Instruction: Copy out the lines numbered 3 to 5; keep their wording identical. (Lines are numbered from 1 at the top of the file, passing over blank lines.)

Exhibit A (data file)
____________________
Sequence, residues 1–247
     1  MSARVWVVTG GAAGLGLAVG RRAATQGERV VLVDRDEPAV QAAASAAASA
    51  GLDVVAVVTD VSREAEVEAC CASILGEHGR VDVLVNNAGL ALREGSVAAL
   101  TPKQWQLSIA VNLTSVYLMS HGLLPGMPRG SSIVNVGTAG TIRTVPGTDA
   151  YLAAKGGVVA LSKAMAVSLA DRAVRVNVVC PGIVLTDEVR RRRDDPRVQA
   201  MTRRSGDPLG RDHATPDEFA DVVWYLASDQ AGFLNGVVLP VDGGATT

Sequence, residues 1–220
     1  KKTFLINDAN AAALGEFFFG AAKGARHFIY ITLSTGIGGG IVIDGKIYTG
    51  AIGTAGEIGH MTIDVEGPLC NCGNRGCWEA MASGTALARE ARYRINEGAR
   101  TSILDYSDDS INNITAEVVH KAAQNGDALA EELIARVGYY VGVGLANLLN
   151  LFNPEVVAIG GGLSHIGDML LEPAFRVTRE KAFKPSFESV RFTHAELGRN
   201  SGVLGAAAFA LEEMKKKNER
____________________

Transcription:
    51  GLDVVAVVTD VSREAEVEAC CASILGEHGR VDVLVNNAGL ALREGSVAAL
   101  TPKQWQLSIA VNLTSVYLMS HGLLPGMPRG SSIVNVGTAG TIRTVPGTDA
   151  YLAAKGGVVA LSKAMAVSLA DRAVRVNVVC PGIVLTDEVR RRRDDPRVQA